Updated: 11/03/2013 4:34 PM KSTP.com By: Joe Mazan
The USS Minnesota joined the Navy's fleet of attack submarines on Saturday during a ceremony at Naval Station Norfolk. The Minnesota is the 10th Virginia class submarine, which was specifically designed for the post-Cold War era.
Both young and old gathered to witness the most powerful vessel our nation has ever seen with the Minnesota namesake.
Among the crowd was a mother filled with joy and pride. "He’s made me very proud, very happy. He's done a good job in the Navy," said Mary Findlay who talked about her son Tony.
Tony Findlay is a White Bear Lake High School graduate, and is one of the few Minnesotans to serve aboard.
There was also a wife, with a close connection to the sub's commanding officer who attended the ceremony. “It's a really exciting day for all of us, our family, even friends of family back in Minnesota-- being that I’m from Minnesota”, said Amy Fancher, an Edina High School graduate, who is married to Captain John Fancher.
Last month 5 EYEWITNESS NEWS was only Minnesota media allowed aboard the submarine as it headed out to sea for training.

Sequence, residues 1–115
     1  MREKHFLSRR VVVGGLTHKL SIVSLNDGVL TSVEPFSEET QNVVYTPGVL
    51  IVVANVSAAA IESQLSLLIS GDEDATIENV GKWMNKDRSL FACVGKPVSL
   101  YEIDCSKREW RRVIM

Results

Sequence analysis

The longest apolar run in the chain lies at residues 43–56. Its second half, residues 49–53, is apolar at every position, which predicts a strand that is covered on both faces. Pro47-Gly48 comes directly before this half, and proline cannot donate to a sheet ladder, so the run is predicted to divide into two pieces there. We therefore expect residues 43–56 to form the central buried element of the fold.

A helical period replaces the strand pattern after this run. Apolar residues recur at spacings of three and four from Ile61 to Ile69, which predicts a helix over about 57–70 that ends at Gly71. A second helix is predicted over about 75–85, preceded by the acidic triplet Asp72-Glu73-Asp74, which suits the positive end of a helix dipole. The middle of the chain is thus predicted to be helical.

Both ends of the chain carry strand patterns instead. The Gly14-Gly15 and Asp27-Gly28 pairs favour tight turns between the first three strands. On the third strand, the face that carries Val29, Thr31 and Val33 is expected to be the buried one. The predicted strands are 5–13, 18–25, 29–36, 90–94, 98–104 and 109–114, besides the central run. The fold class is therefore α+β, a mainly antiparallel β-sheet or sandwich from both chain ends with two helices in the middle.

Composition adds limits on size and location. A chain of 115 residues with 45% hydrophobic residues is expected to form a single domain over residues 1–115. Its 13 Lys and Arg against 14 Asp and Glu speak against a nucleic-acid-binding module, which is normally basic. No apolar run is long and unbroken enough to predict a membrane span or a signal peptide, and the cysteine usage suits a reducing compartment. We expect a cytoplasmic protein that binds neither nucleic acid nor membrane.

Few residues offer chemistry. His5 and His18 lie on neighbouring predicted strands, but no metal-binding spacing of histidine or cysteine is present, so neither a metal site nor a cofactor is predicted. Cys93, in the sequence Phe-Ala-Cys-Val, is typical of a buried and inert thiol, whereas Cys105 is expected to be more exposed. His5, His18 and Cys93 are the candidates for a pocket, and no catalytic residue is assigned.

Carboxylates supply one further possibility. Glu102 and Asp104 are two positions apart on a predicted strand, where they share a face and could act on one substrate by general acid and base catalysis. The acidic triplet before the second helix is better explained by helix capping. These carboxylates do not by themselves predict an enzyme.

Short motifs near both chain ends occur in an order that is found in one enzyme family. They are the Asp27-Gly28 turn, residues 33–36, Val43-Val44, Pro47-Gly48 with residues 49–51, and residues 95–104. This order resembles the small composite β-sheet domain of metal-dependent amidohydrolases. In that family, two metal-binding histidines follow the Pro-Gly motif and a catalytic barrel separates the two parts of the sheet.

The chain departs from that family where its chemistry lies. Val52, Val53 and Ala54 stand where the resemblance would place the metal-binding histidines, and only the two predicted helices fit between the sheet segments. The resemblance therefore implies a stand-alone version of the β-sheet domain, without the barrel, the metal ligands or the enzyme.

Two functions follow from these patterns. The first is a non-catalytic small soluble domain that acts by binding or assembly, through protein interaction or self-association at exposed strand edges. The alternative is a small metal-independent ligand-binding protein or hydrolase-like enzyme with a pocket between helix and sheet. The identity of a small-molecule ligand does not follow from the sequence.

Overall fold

The 377-foot long ship is capable of submerged speeds of more than 29 mph and can stay submerged for up to three months at a time. Virginia class submarines like the Minnesota are especially maneuverable in shallow waters, and were designed with plenty of room for special forces and their equipment to come aboard.
Like other classes of attack submarines, the Minnesota is designed to fight enemy submarines and surface ships and can also fire Tomahawk cruise missiles at targets on shore.
The U.S. is building two Virginia-class submarines a year, at a cost of about $2.6 billion each. So far, those submarines have been delivered ahead of schedule.
The Minnesota was delivered to the Navy in June, 11 months earlier than the original contract called for.
The ship will spend several months in Norfolk before moving to its designated home port of Groton, Conn.
The submarine is the third Navy ship to bear the name Minnesota, with the first being a steam frigate during the Civil War and the second a battleship that part of the 'Great White Fleet' President Theodore Roosevelt ordered to sail around the world.
Memorabilia from the first two Minnesota ships was on display at Saturday's commissioning.
The Secretary of the Navy Ray Mabus said that he considers the USS Minnesota priceless.
The Associated Press Contributed to this report.